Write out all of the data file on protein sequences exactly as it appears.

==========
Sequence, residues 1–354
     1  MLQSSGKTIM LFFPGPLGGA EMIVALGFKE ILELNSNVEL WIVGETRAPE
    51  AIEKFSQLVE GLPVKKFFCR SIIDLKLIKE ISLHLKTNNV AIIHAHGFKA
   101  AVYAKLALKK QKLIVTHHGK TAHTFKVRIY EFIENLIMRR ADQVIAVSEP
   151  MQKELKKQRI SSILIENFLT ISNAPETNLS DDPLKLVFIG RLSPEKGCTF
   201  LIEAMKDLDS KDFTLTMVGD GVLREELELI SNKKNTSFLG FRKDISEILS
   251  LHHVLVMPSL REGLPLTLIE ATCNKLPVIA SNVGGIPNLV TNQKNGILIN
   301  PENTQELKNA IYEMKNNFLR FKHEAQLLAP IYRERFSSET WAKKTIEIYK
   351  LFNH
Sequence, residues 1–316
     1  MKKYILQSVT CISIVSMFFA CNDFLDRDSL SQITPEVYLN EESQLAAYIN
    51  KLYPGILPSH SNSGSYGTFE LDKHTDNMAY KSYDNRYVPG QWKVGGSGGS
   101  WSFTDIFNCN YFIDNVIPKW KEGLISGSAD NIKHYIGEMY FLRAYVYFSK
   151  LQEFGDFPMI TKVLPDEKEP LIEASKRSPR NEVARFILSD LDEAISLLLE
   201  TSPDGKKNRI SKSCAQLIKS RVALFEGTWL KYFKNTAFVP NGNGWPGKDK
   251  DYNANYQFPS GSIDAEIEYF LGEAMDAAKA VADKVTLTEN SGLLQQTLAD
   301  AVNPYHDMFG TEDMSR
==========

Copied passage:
Sequence, residues 1–354
     1  MLQSSGKTIM LFFPGPLGGA EMIVALGFKE ILELNSNVEL WIVGETRAPE
    51  AIEKFSQLVE GLPVKKFFCR SIIDLKLIKE ISLHLKTNNV AIIHAHGFKA
   101  AVYAKLALKK QKLIVTHHGK TAHTFKVRIY EFIENLIMRR ADQVIAVSEP
   151  MQKELKKQRI SSILIENFLT ISNAPETNLS DDPLKLVFIG RLSPEKGCTF
   201  LIEAMKDLDS KDFTLTMVGD GVLREELELI SNKKNTSFLG FRKDISEILS
   251  LHHVLVMPSL REGLPLTLIE ATCNKLPVIA SNVGGIPNLV TNQKNGILIN
   301  PENTQELKNA IYEMKNNFLR FKHEAQLLAP IYRERFSSET WAKKTIEIYK
   351  LFNH
Sequence, residues 1–316
     1  MKKYILQSVT CISIVSMFFA CNDFLDRDSL SQITPEVYLN EESQLAAYIN
    51  KLYPGILPSH SNSGSYGTFE LDKHTDNMAY KSYDNRYVPG QWKVGGSGGS
   101  WSFTDIFNCN YFIDNVIPKW KEGLISGSAD NIKHYIGEMY FLRAYVYFSK
   151  LQEFGDFPMI TKVLPDEKEP LIEASKRSPR NEVARFILSD LDEAISLLLE
   201  TSPDGKKNRI SKSCAQLIKS RVALFEGTWL KYFKNTAFVP NGNGWPGKDK
   251  DYNANYQFPS GSIDAEIEYF LGEAMDAAKA VADKVTLTEN SGLLQQTLAD
   301  AVNPYHDMFG TEDMSR